There is no doubt about it, founding a company is hard. From tech billionaires like Amazon’s Jeff Bezos to consumer product builders like Sara Blakely from Spanx, every founder has a daunting startup story. But what these shining examples of success have in common is the fact that they both began with just one person.
Jeff Bezos built Amazon from the ground up (literally he was packing boxes on the ground for the first few years of the company) and Sara Blakely had to get turned down by an endless number of male investors before one would even hear out her idea (thanks to his two daughters who were incredibly supportive of it when he showed them the product).
Solo founders are just not taken seriously by the general startup sphere.
Most startup accelerators strongly encourage entrepreneurs who apply to find a co-founder. While none of them ban solo founders from their programs, they are vocal about their desire to work with teams.
The most well-known startup accelerator, Y-Combinator, was founded by Paul Grahm and in a 2006 essay entitled The 18 Mistakes That Kill Startups, he lists being a single founder as the first mistake a new entrepreneur can make. In the very first section, he writes, “What’s wrong with having one founder? To start with, it’s a vote of no confidence.”
This is not a unique mindset amongst the investors in Silicon Valley and beyond. There is a very clear bias toward multiple founder companies and logically it sounds like that makes sense but the data reveals that solo founder companies actually stay in business longer than multi-founder companies and they start out with substantially less money because venture capitalists won’t fund them as strongly.
Imagine what solopreneurs could do if they received the same consideration for funding as multi founder teams.
The truth of the matter is, the incentives for investors to fund multi-person teams are out of line with the incentives of the founder(s). If a soloprenuer raises capital and gives up 20% equity he or she is still 80% owner of that startup. However, if co-founders raise money and give up 20% equity they are each only left with 40% equity for themselves, meaning that neither party has a controlling stake in the company. Venture Capitalists secure their percentage regardless of how the founders have to split the remaining.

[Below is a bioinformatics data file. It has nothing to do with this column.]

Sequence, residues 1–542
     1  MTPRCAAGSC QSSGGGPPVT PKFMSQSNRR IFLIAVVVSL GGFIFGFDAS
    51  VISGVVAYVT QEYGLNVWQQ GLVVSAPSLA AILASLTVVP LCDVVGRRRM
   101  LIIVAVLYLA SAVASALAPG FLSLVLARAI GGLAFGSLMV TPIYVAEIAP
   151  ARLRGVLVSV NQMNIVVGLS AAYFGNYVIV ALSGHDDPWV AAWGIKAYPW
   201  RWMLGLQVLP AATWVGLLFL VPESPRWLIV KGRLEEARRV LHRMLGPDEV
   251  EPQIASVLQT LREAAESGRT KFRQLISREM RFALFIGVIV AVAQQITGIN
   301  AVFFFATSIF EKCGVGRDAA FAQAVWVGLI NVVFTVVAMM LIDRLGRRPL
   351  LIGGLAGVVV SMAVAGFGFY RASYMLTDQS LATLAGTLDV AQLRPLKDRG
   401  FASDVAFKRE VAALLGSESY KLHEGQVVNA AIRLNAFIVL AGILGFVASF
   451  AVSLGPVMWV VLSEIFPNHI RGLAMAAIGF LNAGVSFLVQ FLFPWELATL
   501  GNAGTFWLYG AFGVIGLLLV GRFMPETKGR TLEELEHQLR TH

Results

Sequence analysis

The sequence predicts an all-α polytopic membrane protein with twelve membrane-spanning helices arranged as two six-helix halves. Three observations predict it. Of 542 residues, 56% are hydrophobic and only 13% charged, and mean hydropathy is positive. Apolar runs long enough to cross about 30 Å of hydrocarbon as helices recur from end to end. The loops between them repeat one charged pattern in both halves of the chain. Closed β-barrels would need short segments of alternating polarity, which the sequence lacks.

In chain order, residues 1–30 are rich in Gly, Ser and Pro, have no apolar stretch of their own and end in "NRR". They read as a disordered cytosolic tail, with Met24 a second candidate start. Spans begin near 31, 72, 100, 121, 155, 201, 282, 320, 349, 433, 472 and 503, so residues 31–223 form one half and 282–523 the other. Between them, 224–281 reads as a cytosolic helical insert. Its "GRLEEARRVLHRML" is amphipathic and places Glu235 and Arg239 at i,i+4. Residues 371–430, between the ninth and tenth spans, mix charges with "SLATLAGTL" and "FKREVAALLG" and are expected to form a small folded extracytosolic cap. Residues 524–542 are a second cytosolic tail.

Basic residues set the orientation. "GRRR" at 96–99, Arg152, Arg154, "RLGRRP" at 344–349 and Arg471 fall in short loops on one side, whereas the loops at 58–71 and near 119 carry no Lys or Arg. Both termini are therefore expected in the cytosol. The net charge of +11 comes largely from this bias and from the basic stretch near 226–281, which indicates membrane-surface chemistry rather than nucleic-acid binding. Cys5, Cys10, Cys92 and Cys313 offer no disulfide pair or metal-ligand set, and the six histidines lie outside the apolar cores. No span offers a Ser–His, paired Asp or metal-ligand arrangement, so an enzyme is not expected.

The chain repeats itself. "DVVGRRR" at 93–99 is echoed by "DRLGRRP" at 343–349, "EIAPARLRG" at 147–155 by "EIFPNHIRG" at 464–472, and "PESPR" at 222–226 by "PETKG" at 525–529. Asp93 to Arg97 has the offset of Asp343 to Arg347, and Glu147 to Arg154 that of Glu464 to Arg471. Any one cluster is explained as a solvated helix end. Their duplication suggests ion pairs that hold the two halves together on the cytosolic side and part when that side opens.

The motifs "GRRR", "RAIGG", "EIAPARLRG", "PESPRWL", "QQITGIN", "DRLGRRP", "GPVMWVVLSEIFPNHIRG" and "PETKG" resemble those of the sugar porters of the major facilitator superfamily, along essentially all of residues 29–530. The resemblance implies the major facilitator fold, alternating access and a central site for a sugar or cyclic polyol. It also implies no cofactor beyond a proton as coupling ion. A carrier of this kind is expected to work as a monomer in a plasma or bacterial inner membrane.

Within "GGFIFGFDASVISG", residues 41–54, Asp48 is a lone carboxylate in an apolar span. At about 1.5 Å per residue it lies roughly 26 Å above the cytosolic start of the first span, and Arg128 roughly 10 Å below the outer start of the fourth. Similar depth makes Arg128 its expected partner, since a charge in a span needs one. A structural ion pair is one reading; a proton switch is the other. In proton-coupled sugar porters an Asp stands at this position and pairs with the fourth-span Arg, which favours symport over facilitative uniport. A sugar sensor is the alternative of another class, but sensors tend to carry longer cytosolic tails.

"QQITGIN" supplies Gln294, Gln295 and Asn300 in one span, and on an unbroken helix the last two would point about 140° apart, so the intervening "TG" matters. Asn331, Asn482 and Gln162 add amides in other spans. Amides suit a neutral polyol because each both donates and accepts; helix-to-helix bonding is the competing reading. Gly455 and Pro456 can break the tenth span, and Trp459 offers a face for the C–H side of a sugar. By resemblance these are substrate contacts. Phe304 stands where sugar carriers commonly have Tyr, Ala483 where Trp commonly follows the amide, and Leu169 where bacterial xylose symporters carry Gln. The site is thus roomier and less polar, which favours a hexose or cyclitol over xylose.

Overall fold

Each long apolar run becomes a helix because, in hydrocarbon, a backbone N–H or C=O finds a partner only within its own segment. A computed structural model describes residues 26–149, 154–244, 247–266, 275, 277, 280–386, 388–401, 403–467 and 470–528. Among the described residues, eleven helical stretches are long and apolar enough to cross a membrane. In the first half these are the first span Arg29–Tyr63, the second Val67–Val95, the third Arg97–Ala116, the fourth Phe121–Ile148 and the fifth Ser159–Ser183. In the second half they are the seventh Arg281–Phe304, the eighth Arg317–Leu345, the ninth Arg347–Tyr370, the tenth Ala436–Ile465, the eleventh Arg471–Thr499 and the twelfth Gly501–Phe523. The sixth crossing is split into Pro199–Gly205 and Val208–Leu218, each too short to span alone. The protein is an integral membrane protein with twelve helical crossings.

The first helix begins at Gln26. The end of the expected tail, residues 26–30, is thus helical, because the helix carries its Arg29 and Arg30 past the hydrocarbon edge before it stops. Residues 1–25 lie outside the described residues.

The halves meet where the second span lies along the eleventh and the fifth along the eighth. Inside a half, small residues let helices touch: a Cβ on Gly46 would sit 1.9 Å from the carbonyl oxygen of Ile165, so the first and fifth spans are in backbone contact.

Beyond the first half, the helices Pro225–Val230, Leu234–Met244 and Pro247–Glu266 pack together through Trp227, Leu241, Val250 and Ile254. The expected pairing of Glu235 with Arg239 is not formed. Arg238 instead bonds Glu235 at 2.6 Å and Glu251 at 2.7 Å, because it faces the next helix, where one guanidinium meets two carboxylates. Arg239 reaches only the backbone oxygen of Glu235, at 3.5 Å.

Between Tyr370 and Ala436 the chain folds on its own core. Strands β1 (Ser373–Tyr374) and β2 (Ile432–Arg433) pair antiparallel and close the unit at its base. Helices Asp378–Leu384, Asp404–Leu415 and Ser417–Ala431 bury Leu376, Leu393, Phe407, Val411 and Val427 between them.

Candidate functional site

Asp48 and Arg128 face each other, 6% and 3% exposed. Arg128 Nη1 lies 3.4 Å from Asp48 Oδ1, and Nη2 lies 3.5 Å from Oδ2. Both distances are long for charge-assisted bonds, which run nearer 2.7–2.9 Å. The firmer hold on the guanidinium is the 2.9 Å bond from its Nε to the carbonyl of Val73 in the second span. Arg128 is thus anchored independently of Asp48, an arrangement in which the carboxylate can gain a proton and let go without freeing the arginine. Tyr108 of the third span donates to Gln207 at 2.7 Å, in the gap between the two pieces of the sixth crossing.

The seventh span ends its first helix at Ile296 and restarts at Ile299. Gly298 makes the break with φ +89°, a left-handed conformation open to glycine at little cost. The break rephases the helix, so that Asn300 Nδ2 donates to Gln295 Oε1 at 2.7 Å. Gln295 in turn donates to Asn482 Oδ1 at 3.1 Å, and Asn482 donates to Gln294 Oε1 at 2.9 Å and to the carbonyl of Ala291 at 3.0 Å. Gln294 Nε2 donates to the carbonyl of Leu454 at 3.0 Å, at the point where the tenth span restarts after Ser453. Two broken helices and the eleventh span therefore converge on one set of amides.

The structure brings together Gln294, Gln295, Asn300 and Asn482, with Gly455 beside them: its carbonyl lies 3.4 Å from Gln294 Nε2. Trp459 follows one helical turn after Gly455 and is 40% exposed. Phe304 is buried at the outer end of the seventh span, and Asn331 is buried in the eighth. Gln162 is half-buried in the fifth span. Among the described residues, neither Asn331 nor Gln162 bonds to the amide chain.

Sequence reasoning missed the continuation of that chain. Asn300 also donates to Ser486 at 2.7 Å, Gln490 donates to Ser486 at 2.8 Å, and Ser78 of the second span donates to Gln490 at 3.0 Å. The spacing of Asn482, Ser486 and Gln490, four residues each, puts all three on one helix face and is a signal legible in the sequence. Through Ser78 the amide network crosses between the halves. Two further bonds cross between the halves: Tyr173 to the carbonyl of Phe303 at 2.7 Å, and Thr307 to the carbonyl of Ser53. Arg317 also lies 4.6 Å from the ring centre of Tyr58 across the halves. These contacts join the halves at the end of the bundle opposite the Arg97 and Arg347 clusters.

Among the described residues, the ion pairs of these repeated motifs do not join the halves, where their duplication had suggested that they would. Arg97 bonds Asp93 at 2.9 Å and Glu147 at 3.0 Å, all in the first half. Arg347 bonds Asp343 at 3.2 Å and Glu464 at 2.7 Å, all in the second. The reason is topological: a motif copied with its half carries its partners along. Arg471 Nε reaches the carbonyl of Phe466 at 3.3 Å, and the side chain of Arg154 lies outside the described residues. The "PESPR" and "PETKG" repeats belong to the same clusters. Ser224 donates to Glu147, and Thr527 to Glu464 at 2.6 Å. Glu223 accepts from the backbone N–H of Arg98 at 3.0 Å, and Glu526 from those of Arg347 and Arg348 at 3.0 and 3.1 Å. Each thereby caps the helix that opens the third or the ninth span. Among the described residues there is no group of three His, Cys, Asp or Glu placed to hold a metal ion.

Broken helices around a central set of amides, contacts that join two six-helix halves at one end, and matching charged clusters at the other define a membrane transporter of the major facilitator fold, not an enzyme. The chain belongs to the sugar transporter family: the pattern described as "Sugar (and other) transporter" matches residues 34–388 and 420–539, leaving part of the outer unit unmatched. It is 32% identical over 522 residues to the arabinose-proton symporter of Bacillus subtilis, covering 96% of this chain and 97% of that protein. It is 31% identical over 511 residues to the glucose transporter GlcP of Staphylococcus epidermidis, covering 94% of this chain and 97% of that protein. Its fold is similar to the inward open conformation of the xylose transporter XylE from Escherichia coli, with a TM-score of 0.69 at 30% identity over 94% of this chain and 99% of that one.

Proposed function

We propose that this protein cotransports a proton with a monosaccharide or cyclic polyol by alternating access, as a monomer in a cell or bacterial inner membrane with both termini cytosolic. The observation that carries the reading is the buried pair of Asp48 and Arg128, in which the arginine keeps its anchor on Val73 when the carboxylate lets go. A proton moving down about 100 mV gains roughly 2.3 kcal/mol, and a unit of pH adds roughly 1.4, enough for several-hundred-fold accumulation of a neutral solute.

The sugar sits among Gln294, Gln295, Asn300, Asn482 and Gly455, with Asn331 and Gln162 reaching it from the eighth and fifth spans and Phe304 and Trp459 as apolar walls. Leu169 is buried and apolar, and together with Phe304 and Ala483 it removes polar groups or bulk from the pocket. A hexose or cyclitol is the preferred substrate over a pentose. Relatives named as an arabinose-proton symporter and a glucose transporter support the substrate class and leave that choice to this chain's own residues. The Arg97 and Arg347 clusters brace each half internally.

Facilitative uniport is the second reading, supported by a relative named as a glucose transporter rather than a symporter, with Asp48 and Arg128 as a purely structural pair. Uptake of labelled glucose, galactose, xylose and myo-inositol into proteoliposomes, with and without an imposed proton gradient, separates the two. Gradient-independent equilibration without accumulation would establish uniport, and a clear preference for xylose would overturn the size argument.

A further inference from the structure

What do solo founders need
The same consideration as co-founders and teams.
We need to stop telling our single entrepreneurs that they can’t do it alone. We have data and a long list of successful solo founders that proves otherwise. Secondly, we need to stop telling our entrepreneurs that they have to find a co-founder before anyone will take their phone calls. Yes, starting a business might be easier with a co-founder but that shouldn’t mean we discourage our entrepreneurs to stop pursuing a vision and start focusing on recruiting a distant cousin or old family friend to venture on with.
We need our press and media to get just as excited to cover the launch of a single founder business as they are to write about the three men from Harvard who are beta testing a drone.
We need our venture capitalists and angels to check the data and erase the solo founder stigma from their psyches. In addition, startup accelerators and incubators should focus on asking more questions about the business model, revenue streams, and go to market strategy and less questions about titles and team roles. If VC’s want to find success in their investments they need to start trusting passionate founder to make the right moves for the company.
It’s bad enough that there is gender, race, and age-based discrimination in some parts of the startup ecosystem but we should all work to reduce this strong bias toward co-founders bias because there is no longitudinal evidence that teams are better than single entrepreneurs at running startups.
So, what do solo founders need?
In whichever position you find yourself, whether that be in a venture capacity or from a consumer perspective. Simply support solo founders and fill in where they need it. I believe that as investors and advisors we should help when asked and get out of the way otherwise.